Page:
China & Indo-Pacific SITREP
- (8) CHINA ACTIVATES EMERGENCY FLOOD RESPONSE IN HEBEI: Beijing and the Hebei province are under emergency flood control measures after 6 inches of rain hit the region yesterday.
- Floods are expected to hit the Hai River basin in the coming three days, and the major port of Tianjin is likely to be impacted by the flooding.
- Why It Matters: The emergency flood control measures will likely impact manufacturing and shipping in Hebei province and could result in some supply chain disruptions for Western consumers. – M.M.
- (9) U.S. GOV LAYS GROUNDWORK FOR CAMPAIGN IN TAJIKISTAN: At a meeting of the U.S. Commission on International Religious Freedom (USCIRF), numerous panelists laid out the Tajik Government’s suppression of all religions, predominantly Islam.
- The panelists repeatedly requested U.S. Foreign Policy updates to pressure Tajikistan into allowing Ismaili Shia Muslims (0.4% of the population) to freely practice their religion.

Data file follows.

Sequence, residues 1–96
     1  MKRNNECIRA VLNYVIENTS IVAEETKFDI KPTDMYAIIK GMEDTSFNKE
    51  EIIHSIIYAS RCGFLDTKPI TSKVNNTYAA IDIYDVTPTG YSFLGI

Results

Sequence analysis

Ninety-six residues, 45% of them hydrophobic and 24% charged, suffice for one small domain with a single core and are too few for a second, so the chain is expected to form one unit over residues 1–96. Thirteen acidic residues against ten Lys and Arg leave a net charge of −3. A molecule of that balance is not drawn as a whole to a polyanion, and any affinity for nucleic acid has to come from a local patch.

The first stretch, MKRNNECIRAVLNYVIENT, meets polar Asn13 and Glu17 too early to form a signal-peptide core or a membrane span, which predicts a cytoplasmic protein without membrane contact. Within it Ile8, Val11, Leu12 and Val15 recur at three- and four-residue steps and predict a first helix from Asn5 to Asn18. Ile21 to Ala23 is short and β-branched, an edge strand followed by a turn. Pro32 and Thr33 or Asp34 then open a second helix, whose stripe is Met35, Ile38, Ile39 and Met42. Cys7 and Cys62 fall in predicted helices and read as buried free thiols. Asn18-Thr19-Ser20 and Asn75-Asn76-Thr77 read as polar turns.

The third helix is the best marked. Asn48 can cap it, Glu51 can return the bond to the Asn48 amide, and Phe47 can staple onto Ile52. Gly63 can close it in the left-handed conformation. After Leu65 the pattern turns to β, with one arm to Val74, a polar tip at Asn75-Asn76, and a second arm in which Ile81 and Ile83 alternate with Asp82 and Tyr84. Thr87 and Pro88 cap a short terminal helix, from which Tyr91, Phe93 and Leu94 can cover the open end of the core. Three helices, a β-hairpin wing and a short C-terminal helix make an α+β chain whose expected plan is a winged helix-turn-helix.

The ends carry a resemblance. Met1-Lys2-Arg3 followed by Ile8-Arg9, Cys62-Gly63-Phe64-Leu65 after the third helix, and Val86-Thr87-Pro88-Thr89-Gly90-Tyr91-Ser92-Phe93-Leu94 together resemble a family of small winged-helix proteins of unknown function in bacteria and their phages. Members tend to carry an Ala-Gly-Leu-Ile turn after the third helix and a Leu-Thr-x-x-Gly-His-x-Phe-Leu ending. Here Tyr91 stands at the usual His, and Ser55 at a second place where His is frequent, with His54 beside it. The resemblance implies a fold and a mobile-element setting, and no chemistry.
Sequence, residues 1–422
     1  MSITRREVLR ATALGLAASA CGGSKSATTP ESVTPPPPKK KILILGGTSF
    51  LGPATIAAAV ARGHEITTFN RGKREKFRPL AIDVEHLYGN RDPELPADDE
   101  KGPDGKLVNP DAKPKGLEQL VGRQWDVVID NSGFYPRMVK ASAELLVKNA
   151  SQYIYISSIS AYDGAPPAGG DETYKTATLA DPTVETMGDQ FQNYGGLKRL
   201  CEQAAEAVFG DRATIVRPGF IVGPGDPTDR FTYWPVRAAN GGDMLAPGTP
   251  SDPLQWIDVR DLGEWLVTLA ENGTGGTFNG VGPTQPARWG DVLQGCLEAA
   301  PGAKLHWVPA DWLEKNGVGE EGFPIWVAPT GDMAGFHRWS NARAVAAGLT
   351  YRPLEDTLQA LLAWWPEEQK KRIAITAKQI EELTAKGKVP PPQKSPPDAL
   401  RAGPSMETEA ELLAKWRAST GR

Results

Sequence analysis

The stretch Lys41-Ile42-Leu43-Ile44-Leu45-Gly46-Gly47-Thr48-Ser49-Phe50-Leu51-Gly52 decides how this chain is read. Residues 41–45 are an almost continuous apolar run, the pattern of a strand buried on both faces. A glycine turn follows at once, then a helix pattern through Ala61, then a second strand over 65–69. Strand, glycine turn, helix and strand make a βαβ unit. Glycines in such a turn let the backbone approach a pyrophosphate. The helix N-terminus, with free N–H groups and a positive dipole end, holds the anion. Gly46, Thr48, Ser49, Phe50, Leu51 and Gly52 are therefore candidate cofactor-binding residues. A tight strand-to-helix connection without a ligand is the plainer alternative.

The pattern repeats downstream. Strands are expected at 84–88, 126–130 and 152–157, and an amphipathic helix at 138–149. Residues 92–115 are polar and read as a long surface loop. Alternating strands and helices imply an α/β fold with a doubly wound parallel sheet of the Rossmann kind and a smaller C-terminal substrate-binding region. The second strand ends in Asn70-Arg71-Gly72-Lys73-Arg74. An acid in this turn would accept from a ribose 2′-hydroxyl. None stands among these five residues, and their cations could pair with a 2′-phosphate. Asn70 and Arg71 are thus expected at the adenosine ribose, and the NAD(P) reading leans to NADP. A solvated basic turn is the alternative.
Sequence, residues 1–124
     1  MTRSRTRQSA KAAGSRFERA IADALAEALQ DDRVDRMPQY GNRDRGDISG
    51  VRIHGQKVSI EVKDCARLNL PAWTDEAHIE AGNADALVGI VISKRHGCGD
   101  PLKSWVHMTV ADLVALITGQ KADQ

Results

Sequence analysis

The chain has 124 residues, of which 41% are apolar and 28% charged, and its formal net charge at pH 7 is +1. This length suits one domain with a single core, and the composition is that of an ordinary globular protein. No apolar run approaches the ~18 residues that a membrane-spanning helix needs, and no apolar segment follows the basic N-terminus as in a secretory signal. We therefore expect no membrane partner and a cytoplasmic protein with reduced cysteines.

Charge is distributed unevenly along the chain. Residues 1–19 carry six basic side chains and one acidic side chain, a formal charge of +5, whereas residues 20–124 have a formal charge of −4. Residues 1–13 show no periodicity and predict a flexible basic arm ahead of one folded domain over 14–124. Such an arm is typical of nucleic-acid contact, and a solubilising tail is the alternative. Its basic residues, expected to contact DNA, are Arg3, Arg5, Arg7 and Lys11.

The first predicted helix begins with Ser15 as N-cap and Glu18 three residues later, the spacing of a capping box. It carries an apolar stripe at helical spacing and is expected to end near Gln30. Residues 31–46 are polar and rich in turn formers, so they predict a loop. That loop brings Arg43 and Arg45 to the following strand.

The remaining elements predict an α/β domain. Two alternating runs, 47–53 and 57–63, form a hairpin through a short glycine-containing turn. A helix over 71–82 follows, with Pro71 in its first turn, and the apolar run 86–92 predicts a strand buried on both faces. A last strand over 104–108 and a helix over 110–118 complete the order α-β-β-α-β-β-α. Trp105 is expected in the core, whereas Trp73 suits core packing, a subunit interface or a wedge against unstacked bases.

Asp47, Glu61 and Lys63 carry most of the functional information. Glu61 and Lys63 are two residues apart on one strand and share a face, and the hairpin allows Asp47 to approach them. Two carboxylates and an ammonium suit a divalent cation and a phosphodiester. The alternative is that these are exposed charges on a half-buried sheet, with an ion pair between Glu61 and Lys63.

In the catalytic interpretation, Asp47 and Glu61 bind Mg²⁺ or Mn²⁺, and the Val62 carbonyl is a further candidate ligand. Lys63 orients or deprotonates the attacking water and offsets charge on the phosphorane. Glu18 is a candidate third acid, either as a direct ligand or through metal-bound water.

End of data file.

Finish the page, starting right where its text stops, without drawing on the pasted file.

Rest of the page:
- Commissioner Nury Turkel claims the Ismaili are ideologically aligned with democratic practices.
- The Tajik government touts its suppression as a counterterrorism measure after several Ismailis committed terrorist acts in neighboring countries, particularly China.
- Why It Matters: China and Afghanistan recently opened a railway that runs through Tajikistan to circumnavigate the Karakoram Mountains. If the U.S. successfully lobbies for Ismaili freedom, they have a built-in, pre-radicalized native group in the middle of China’s new Silk Road with minimal guidance. – J.V.
China-Afghan Railway; Line 5-4 crosses Tajikistan.
Low Intensity Conflict SITREP (Next 48 hours)
- San Diego, CA – Socialist Democrat Alternative is planning a protest and meeting to organize against anti-trans bills passed across the United States. The meeting is planned for 1530 PDT on Saturday, 22 July, at 3795 Fairmount Ave. San Diego, CA.
— END REPORT
M.S. indicates analyst commentary from Mike Shelby
M.M. indicates analyst commentary from Max Morton
J.V. indicates analyst commentary from Jared Vaughn
R.C. indicates analyst commentary from Robert Cook
H.B. indicates analyst commentary from Harrison Burge